Flames navigating first taste of playoff adversity with confidence

Sam Bennett didn't pull any punches when talking about his team's play. The Flames forward says they weren't 'even close to good enough' and can be more physical and be much better.

CALGARY – No one trashed the dressing room, smashed their stick or threw anyone under the bus.

Nobody blamed the officiating or chalked it up to bad luck. Even a day later, no one made excuses. The Calgary Flames are owning their Game 2 overtime loss to Colorado.

As they should. They simply weren’t good enough. They weren’t fast enough or hard enough to play against, and they definitely didn’t open with the type of emotion and intensity the Avalanche did.

And from all that Mike Smith actually takes great solace.

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"I don’t think we’ve played our best hockey yet," said the Flames’ 37-year-old netminder, showing no signs of concern following Saturday’s 3-2 overtime loss at the Saddledome.

"I think everyone in here will tell you the same thing – I think we were a little tentative. We weren’t skating as well as we can and we have, and it made them look really, really fast. We’ll clean that up."

The Avalanche looked fast alright – much faster than a Flames crew that chased the Avs around the ice in the first two periods while Smith played hero once again. But with every glove snare, pad stop and ensuing chant of his name, there was still a feeling Colorado ultimately wouldn’t be denied.

Even when Sean Monahan put the Flames up 2-1 with seven minutes left, it felt like just a matter of time before someone – J.T. Compher would be the one to step forward – would tie the game with the goalie pulled for an extra attacker. His goal involved a fortuitous bounce, but given how hard the Avs had been pressing the first two games they certainly deserved some puck luck.

And now they return to Colorado with a 1-1 split that gives them home-ice advantage, the knowledge Smith can be solved, and a belief they can finally beat Calgary – something they hadn’t done in four previous tries this season.

If all that momentum wasn’t enough, GM Joe Sakic just signed and airlifted in arguably the hottest defensive prospect in hockey – Cale Makar, who won the Hobey Baker Award Friday, one day before his UMass Minutemen lost in Saturday’s Frozen Four final.

The most delicious irony of it all – he’s an Alberta Junior Hockey League grad from Calgary.

Smith and the rest of the Flames can be forgiven for not caring much at all about the goings-on in the opposition’s camp. They’re just focused on playing closer to the type of style that made them runaway winners of the Western Conference.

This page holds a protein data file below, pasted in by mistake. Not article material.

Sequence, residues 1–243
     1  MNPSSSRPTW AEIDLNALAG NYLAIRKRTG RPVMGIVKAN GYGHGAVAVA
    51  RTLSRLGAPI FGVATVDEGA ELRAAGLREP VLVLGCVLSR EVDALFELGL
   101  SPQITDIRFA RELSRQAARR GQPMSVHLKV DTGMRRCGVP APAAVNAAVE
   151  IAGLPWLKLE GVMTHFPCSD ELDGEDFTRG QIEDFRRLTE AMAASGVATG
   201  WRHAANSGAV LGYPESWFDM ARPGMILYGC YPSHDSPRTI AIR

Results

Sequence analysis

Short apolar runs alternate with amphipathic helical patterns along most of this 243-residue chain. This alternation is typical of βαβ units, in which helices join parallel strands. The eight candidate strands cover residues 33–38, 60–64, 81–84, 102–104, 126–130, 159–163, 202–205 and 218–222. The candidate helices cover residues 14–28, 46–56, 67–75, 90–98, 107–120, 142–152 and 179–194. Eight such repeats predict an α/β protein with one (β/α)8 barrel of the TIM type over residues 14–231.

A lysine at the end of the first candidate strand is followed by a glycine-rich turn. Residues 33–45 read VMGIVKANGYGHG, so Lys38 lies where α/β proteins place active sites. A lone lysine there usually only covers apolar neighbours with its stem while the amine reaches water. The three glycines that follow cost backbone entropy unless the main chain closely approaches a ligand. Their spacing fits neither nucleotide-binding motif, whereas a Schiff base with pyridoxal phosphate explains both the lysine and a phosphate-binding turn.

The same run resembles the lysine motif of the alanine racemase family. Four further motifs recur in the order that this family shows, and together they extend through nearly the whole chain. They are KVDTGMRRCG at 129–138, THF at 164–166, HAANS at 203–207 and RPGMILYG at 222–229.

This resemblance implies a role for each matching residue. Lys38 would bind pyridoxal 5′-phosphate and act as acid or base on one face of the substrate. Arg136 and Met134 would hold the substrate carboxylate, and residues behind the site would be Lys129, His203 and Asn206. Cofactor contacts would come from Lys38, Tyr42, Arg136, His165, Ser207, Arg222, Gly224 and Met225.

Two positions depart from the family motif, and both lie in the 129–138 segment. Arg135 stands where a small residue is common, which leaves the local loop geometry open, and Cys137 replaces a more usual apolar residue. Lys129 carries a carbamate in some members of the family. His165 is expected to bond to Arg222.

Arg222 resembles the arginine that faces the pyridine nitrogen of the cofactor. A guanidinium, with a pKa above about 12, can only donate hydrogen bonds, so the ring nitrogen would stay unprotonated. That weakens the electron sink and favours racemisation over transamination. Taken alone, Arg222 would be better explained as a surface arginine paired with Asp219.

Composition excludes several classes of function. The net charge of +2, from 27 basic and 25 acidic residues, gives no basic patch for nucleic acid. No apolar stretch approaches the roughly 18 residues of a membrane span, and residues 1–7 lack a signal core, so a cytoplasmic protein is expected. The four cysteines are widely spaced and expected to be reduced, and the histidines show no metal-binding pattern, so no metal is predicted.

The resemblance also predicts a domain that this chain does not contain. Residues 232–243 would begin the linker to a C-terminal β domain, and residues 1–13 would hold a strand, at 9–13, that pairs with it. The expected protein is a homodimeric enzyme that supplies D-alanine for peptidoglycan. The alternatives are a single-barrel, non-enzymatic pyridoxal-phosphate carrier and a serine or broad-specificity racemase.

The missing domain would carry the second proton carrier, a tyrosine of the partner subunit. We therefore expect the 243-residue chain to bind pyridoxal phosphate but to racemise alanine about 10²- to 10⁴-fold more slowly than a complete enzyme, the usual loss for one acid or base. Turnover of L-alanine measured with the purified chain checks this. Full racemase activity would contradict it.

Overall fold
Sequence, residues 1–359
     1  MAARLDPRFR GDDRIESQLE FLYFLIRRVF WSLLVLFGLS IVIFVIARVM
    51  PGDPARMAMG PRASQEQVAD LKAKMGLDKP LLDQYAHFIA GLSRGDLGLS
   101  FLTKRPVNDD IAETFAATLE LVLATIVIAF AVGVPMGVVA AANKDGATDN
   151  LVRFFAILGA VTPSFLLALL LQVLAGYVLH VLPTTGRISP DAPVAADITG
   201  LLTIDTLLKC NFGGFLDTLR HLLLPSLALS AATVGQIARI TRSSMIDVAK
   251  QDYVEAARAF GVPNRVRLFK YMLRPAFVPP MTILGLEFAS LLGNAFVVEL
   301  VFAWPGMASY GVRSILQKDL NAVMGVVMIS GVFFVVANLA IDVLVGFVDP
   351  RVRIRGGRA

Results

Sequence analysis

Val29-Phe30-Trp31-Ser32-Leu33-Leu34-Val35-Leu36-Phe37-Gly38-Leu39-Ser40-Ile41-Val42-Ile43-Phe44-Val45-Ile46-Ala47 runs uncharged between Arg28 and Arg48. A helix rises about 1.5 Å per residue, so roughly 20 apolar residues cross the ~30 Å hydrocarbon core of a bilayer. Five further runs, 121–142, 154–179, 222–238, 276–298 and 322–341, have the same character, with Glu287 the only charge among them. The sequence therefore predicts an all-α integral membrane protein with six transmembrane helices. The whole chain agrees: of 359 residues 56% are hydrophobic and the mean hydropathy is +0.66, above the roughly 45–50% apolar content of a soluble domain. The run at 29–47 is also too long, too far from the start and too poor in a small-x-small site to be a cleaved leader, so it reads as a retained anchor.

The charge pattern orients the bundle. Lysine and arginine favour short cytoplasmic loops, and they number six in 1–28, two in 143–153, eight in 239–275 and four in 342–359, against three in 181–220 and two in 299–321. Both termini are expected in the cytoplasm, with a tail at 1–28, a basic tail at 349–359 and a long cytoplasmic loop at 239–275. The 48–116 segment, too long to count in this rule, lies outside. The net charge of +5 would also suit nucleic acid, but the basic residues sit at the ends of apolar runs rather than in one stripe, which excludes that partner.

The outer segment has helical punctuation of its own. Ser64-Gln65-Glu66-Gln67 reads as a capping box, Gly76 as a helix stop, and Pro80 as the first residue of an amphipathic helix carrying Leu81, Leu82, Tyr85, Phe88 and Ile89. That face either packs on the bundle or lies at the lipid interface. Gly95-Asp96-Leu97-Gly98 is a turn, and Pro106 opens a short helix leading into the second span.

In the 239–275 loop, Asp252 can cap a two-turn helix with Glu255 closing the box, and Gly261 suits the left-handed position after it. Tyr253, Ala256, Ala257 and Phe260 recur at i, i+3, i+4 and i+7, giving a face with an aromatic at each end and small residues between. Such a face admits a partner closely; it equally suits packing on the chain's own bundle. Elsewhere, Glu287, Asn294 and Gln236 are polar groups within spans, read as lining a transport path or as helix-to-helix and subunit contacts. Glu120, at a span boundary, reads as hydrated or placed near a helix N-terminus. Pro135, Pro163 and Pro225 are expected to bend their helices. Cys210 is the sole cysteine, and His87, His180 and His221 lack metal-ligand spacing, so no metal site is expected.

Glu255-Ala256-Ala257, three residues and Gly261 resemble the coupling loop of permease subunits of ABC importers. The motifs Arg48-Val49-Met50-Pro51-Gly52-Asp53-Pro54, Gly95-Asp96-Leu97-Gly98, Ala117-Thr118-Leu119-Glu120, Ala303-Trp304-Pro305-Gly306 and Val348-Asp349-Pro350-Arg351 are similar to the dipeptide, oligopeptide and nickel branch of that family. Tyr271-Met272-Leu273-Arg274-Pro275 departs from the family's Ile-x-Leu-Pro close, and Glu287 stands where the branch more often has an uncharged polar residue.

They did so on the power of tremendous depth and consistency that ensured they rebounded well from various setbacks.

This is their first taste of playoff adversity.

"If anyone thought in here we were going to sweep this team, I think we got another thing coming for us," said Smith, who has stopped 62 of 65 shots in a series that took a dramatic turn when Nathan MacKinnon’s rocket found the top shelf in overtime Saturday.

"It’s going to be a long series, and you have to prepare yourself for that.

"We haven’t skated like we can – I think our execution has been a little bit sloppy at times. I thought we got better as the game went on again. We need to bring it for the whole game. That’s what it’s going to take in the playoffs. To get where you want to be you have to be as consistent as possible, as mistake-free as possible."

Smith has done well to mask those mistakes in the first two games as the central figure in a series that has featured plenty of physicality, endless speed and phenomenal goaltending at both ends.

Philipp Grubauer, who entered the playoffs as the NHL’s hottest netminder not named Jordan Binnington, made 35 saves to backstop the Avs in a tight, entertaining game.

Flames coach Bill Peters, who was critical of his team’s slow start Saturday, said Sunday he’ll likely make a few minor changes to his lineup ahead of Game 3 in Denver on Monday. Otherwise, the goal is for things to remain business as usual.

After all, business has been good this year for the Flames.

"It’s a game of mistakes – a game of inches – the margin of error is so small in the playoffs," said Smith, whose name reverberated around the Dome for the second-straight game.

"It’s cliché, but every play counts mentality. You have to have that to be successful.

"There are going to be breakdowns but you have to know how to cover them up and do the right things. We did a lot of good things. Our penalty killers did an unbelievable job tonight. The power play gets one for us.

"We’ll be better when we get to Colorado."

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